"The purpose of these deals was to limit the conflict zone from expanding, and avoid a head-on collision with the militants … [However] these deals proved to be counterproductive," Abbas wrote in a 2010 research paper.
While the US-led fight has neutralised many armed groups and individuals, the offensive has also resulted in the creation of one of the most deadly organisations in the world - the Pakistani Taliban.
Many Arab al-Qaeda fighters fled the United States' "war on terror" in Afghanistan, seeking refuge in Pakistan's tribal areas in 2002, and five-years later the Tehrik-e-Taliban Pakistan was officially born.
"That was the turning point when the Arabs were given shelter by these tribes, they became mentors to young, impressionable [tribal] leaders," said Rashid. "With their arrival began a much deeper process of radicalisation for Pakistan's fiercely independent tribes. This made them more radical and vicious than the Afghan fighters."
The Taliban movement in Pakistan quickly gained notoriety for using suicide bombers as a weapon of choice. Former Prime Minister of Pakistan Benazir Bhutto was among more than 5,300 Pakistanis killed in suicide attacks since 2002.
"In North Waziristan, you can buy a suicide bomber from anywhere between $5,000 to $11,000," says Syed Irfan Ashraf, who has studied Tehrik-e-Taliban Pakistan. The money most often goes to the attackers' impoverished families.
But monetary benefits are only part of the lure of the Pakistani Taliban. The movement's rise can also be attributed to an expansionist interpretation of Islam, Rashid said.
"In Afghanistan, the Taliban is still a peasant army. In Pakistan, its different - they're ideologically primed, they have studied at madrasas," he said. "A few religious political parties have also nurtured its leaders, [and] as a result they have a lot more political acumen and vision."
Senior minister killed in Pakistan
This vision - of a "global Islam" based on the al-Qaeda model in which Arabs, Chechens, Pakistanis and others can network and pool resources - is an important reason why Pakistan's military establishment is eager for a settlement in Afghanistan.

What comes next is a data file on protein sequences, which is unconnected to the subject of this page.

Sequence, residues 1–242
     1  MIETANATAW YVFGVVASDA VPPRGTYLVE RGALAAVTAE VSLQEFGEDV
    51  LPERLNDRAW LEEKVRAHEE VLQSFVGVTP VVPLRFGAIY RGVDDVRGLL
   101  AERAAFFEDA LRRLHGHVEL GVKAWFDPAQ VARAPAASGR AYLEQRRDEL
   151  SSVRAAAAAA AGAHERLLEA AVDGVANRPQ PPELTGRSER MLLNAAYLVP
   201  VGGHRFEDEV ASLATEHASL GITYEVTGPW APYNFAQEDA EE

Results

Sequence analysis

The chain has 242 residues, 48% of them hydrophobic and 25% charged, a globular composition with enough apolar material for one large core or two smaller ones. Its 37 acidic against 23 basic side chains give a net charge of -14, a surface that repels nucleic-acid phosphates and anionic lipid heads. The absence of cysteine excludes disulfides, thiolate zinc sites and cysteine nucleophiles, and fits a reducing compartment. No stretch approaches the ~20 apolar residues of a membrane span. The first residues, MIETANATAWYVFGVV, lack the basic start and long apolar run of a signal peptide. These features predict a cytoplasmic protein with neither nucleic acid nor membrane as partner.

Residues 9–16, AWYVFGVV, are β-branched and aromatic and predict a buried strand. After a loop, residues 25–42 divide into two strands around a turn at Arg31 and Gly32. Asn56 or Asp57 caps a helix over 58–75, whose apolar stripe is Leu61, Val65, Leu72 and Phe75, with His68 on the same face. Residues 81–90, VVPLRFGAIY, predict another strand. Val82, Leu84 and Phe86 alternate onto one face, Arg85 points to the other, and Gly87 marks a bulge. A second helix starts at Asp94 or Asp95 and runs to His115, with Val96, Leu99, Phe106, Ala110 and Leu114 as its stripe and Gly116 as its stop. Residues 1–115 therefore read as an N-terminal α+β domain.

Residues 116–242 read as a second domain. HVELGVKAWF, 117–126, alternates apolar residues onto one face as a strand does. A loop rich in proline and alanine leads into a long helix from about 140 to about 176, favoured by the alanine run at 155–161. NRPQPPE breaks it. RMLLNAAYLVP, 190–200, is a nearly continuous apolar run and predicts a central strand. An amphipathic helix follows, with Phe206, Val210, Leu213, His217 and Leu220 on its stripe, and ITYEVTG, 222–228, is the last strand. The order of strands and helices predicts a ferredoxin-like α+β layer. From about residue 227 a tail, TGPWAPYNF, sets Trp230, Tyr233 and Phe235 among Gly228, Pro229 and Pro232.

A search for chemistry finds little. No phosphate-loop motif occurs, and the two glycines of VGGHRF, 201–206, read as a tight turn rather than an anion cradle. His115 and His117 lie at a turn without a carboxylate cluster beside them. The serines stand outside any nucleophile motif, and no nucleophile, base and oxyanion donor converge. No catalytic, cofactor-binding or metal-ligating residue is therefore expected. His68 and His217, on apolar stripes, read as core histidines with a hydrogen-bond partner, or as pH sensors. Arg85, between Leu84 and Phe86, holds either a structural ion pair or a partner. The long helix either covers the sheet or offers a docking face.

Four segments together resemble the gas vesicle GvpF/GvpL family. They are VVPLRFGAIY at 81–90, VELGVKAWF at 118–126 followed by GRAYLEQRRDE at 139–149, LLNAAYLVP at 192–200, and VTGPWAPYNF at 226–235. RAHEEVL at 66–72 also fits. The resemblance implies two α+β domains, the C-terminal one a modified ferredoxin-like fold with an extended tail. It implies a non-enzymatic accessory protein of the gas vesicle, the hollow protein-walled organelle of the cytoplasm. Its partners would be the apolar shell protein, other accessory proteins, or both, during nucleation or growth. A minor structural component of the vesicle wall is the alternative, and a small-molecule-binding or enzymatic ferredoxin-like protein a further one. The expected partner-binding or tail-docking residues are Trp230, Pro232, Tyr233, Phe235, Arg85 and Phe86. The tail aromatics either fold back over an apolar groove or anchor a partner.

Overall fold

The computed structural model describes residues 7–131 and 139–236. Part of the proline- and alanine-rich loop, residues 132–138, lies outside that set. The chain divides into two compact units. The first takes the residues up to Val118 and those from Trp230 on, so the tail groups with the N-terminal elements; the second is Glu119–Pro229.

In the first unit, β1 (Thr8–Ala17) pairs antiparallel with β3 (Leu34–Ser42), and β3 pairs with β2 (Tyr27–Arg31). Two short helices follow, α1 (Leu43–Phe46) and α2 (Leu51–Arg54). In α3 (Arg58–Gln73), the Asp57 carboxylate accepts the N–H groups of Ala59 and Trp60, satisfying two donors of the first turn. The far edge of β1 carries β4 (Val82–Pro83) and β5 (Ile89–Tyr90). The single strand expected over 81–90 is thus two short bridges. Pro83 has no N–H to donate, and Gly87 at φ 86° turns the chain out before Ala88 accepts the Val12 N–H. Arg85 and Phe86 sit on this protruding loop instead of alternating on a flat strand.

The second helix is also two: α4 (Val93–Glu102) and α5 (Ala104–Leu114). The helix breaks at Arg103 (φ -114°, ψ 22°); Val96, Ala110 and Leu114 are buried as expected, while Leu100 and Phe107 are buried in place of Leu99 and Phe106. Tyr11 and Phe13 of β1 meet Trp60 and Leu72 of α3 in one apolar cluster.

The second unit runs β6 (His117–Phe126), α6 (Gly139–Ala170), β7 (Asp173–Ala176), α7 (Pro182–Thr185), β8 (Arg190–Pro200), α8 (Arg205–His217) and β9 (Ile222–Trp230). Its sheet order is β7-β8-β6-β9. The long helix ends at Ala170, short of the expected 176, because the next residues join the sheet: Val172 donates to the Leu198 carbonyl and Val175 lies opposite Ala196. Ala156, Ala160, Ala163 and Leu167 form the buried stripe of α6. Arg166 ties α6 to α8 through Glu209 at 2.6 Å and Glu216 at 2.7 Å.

In the past, it was easy for the Pakistani military to control different groups because of tribal and ideological divisions, but now these differences are proving to be a disadvantage because the groups often fight each other over influence and tribal allegiances.
Taliban commander Mullah Muhamad Nazir survived but was wounded in a suicide attack in Wana, capital of the South Waziristan tribal area, which killed eight others.
Nazir is part of the Haqqani network and has a deal in place with Pakistan's army. Hours after the attack, Nazir ordered the expulsion of all fighters who belong to the Mehsud tribe - the core group behind Pakistan's Taliban movement.
Azaz Syed, a correspondent for Pakistan's GEO television network, said it would be harder for the Afghan Taliban to influence Pakistan's Taliban if violence continues to escalate.
"The Americans have given the [Pakistani] army a free hand in Afghanistan, and the Afghan Taliban have given an assurance to resolve the Pakistani Taliban issue. But there's a big question mark on whether these promises will be fulfilled," said Syed.
Enforcing any peace deals with a fragmented Taliban movement may become impossible once US troops leave, said Rashid, adding after a decade of fighting the Afghan Taliban wants to consolidate its gains without diktats from the Pakistanis.
"The Afghan Taliban faces an awkward perpetual situation," said Rashid. "They are tired. They want to return back to Afghanistan. Their leaders do not want to be under the thumb of the Pakistan military any longer."
Follow Ali Mustafa on Twitter: @Ali_Mustafa